Luke reacts about how you'd expect to Greyshade's proposal to Leia, shooting it down on her behalf, though Leia, rightly points out its not his decision to make.


It's in the Mail
A letter in this issue's letter column points out that General Tagge was killed on the Death Star, will the response offering up an explanation that he left the station after his appearance in the film, and thus survived its destruction.


A response to another letter speaks at great length to the differences between novels and serial comic book stories, pointing out that each issue must appeal to both readers who are following along with the story chapter by chapter and readers who may be picking up an issue for the first time, saying that the latter group is far more often larger than the former group. Which is wryly amusing just for the way that's completely flip-flopped nowadays.

Teebore's Take
As the penultimate chapter in the "Wheel Saga", this unfortunately drags a bit at a time when the pace should be picking up: Darth Vader is still en route to the station, the heroes are still scattered, Han and Chewbacca are still in the arena. However, there's still some entertaining pieces on display: it's confirmed that Greyshade's interest in Leia really does stem from genuine, longstanding affection towards her (albeit formed mostly of his desire to have that which he can't have), which adds some complexity to Greyshade as the antagonist of the story. Meanwhile, Infantino is seemingly having a blast in the arena scenes, going nuts with the sci-fi imagery as Han and Chewie fight their way through a zero gravity environment, and the result is some of his best action work yet.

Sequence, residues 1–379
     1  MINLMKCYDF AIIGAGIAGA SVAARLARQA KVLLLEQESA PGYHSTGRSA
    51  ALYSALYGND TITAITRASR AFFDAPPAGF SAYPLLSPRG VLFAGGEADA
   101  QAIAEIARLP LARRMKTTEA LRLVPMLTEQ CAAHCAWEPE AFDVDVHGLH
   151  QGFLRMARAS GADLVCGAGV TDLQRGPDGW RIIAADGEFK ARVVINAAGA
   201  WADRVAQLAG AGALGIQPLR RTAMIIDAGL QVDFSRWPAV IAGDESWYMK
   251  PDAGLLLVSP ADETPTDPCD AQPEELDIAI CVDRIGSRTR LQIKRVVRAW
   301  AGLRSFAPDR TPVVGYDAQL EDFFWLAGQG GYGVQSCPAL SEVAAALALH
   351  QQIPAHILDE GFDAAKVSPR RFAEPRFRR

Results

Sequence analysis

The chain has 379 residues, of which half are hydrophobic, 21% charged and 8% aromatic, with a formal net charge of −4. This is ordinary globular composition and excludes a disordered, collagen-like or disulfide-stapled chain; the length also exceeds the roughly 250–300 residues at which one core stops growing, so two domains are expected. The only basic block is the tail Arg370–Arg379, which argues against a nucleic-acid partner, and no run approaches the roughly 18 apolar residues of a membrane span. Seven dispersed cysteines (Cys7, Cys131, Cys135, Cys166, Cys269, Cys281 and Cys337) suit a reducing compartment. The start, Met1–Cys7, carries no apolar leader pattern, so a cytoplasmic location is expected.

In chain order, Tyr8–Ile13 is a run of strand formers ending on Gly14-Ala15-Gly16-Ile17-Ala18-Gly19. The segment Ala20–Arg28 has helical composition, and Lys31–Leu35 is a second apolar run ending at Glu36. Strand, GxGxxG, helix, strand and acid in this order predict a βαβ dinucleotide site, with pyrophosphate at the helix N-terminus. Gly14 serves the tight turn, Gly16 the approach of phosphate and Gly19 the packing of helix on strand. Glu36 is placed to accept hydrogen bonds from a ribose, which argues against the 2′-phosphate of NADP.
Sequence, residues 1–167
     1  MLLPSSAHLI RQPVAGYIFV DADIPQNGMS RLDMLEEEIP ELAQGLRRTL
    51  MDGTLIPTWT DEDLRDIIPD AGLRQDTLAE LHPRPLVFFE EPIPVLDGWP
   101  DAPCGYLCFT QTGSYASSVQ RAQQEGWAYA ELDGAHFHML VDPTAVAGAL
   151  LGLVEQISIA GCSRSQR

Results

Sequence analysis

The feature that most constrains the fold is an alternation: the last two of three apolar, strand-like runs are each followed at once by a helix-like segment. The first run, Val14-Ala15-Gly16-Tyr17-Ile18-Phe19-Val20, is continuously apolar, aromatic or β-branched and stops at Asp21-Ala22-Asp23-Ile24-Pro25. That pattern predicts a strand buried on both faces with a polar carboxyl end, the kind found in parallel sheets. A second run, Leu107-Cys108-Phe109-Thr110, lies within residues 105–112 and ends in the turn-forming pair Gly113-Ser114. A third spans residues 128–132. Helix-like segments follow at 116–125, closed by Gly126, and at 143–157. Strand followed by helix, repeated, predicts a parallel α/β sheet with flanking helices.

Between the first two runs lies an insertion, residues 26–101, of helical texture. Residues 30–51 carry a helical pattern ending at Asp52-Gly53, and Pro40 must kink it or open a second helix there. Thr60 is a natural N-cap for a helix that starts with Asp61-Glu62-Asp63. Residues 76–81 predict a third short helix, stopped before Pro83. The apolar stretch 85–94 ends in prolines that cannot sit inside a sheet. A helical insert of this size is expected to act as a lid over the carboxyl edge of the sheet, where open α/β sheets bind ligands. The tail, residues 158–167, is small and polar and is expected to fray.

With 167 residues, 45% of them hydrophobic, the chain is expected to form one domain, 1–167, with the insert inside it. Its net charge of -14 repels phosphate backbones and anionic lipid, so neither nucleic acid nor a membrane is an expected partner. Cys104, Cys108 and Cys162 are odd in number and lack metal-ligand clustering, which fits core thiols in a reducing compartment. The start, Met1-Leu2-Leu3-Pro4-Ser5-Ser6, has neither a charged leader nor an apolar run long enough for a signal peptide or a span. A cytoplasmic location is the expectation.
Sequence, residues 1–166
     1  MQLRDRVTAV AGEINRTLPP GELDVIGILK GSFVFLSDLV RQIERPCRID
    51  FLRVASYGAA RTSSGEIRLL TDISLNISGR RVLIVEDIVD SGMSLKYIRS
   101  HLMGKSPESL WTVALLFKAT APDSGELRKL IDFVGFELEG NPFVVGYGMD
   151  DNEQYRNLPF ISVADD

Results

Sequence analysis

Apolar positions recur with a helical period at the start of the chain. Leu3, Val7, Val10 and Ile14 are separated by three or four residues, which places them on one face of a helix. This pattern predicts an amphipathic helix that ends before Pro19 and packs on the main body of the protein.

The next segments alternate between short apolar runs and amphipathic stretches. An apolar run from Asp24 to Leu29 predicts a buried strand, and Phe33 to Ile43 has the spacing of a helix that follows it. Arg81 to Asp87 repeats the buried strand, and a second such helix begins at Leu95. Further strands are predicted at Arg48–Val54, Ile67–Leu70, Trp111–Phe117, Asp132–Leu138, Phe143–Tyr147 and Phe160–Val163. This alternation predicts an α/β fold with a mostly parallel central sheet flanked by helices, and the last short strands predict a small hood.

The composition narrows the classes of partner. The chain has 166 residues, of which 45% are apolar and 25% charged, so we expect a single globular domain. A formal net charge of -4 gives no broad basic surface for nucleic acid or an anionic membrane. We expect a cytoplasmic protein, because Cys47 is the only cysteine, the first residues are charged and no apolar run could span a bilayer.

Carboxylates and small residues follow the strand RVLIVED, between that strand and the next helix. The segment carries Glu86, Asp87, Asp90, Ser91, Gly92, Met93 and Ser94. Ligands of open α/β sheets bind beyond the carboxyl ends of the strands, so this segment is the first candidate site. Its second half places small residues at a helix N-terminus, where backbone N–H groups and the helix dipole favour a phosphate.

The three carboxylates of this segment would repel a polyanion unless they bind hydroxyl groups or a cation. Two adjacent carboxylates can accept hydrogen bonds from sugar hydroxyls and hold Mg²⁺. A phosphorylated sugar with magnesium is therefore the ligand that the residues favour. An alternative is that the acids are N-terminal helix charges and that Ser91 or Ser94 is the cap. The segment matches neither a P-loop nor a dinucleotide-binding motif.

In the process, the Han/Chewie scenes also underscore an interesting truth about this series: as much as Luke is, ultimately, the central figure of the Original Trilogy, Han really is the star of this book at this point in time, helped in part by having received the most page time, but also because he's been at the center of most of the series big action sequences. As a result, the central relationship of the series right now isn't Luke and Leia, or Han and Leia. It's really the friendship between Han and Chewie. Which, granted, has always been a part of the Star Wars universe. But it's rarely the central relationship in a story, yet it's probably the most frequently and consistently portrayed relationship in this series at this point. 

Next Issue
The arrival of Darth Vader! 

Collected Editions 

3 comments:

  1. I guess this storyline is proof that decompression existed even back in the seventies. The Wheel storyline could've probably been only four issues, but Goodwin really stretches some of this stuff out for whatever reason.